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Mental Health Bill panned by governments own advisory panel

by Matilda MacAttram

A GOVERNMENT-APPOINTED Advisory Group has criticised the Department of Health’s race review of the Mental Health Bill as inadequate, saying that it will do little to reduce the current discrimination faced by black patients.

Chinyere Inyama
Chinyere Inyama: we have lost a generation to present mental health laws.

Blink has obtained a leaked copy of the Race Equality Impact Assessment (REIA) Advisory Group’s Report, which is due to be published with the redrafted Bill later this year.

The findings will pile pressure on the government to address concerns raised by Black professionals about the negative impact the proposed law will have on African Caribbeans in particular.

Health experts are concerned about the new much wider definition of mental illness.

They fear the provision to detain anyone for appearing dangerous, the increase in police powers of detention and the lack of safeguards around over medication will make current racial inequalities worse.

The report highlights the problem of over representation of BME patients in the detained patient population and says “the  Home Office should consider how the proposed law which will widened the criteria under which anyone can be detained will further effect ethnic minorities”.


Consultant psychiatrist professor Suman Fernando said: “There have to be safeguards against people being sectioned on the basis of racial stereotypical judgements being made and at the moment there aren’t any.

Suman Fernando
Suman Fernando: things will get worse under proposed mental health laws.

“Sectioning under this Bill is much more dependent on people being perceived as dangerous, which is already racially discriminatory. This Bill will make things worse.”

The report also highlighted that the proposals in the Bill as it  is currently drafted will perpetuate the trend of high section rates for African Caribbean’s that have occurred the current 1983 Act, contravening current legal safeguards set out under the Race Relations Amendment Act.

Mental health lawyer Chinyere Inyama said: “The whole point of the RRAA was to deal with institutional racism, this particular issue is vital to African Caribbean’s because the last Bill had such a negative impact on us.

“We have lost a generation and have to do everything possible to make sure that this is not repeated.”

The report also flagged up specific concerns the Advisory Group had over the criteria laid out for a mental health order. It said &#39it is so loosely worded that if it is not rewritten or removed from the Bill it will increase likelihood of BME groups being placed under a restriction order&#39.


African Caribbean’s are currently six times more likely to be sectioned than their white counterparts despite similar morbidity rates.

Making reference to the David ‘Rocky’ Bennett Inquiry Report, the Advisory Group saw this as an opportunity to build on the recommendations made in the Report, focusing in particular on the opportunity it presented to prevent the inappropriate use of both seclusion and restraint.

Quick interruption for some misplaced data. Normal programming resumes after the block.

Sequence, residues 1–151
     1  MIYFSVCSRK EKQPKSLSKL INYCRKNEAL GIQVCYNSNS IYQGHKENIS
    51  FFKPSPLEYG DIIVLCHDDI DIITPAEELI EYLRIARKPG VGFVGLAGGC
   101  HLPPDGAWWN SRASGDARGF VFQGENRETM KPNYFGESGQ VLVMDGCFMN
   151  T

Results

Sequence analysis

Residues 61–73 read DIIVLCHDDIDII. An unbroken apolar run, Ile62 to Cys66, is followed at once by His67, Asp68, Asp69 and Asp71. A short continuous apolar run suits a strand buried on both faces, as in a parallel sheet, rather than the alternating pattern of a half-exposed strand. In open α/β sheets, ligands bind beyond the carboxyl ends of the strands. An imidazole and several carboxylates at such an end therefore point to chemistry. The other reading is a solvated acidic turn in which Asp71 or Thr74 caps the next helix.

The Bennett report looked at the reasons behind the untimely death of Rocky while in psychiatric care, found mental health services to be institutionally racist.

DOH statistics indicate that African Caribbean’s are more likely to be forcibly restrained, detained in secure psychiatric settings and be over medicated than any other ethnic group.

Claire Felix, co-chair of the National BME Mental Health Network, believes, if the leaked report is accurate, then the Advisory Groups call for amendments to the Bill that would enshrine in law effective monitoring of all violent incidences within psychiatric care, ‘is a step in the right direction’.

Findings in the report conclude that unless there is a wide based consultation with key stakeholders including BME service users and carers the new much wider definition of mental illness, the provision to detain anyone for appearing dangerous, the increase in police powers of detention and the lack of safeguards around over medication will make current racial inequalities worse.


“The definition of mental illness in this Bill is so wide that it could include anybody who is considered to have peculiar ideas’” professor Fernando said.

“In future depending on the political climate if you have peculiar ideas this could come under the Bill and seen as a mental disorder and that is way I feel that this Bill is so dangerous.”

The report warns the DOH that is cannot rely on the handful of consultations that have already taken place around the Bill but needs to ensure that there is a wide based consultation involving both users and carers.

Health experts believe the findings in this report are an indication that the Department of Health have not taken responsibility for race equality seriously.

Professor Fernando added: “The DOH were aware of the legal duty under the Race Relations Amendment Act to ensure the elimination of unlawful discrimination, two years ago and did not bother to begin to carry out a REIA until the Scruitiny Committee reported in March.

“With pressure to get this Bill to the Commons before the end of the year there is a possibility that the DOH will just go ahead and publish it anyway.”

Concerned at BME health experts dissatisfaction the consultation with the Black communities the Health Minister Rosie Winterton met with National BME Mental Health members earlier this week. 

The Network are calling for a further four month consultation period which involves canvassing the view of inpatients and out patients in psychiatric hospitals, carers and the wider community. 

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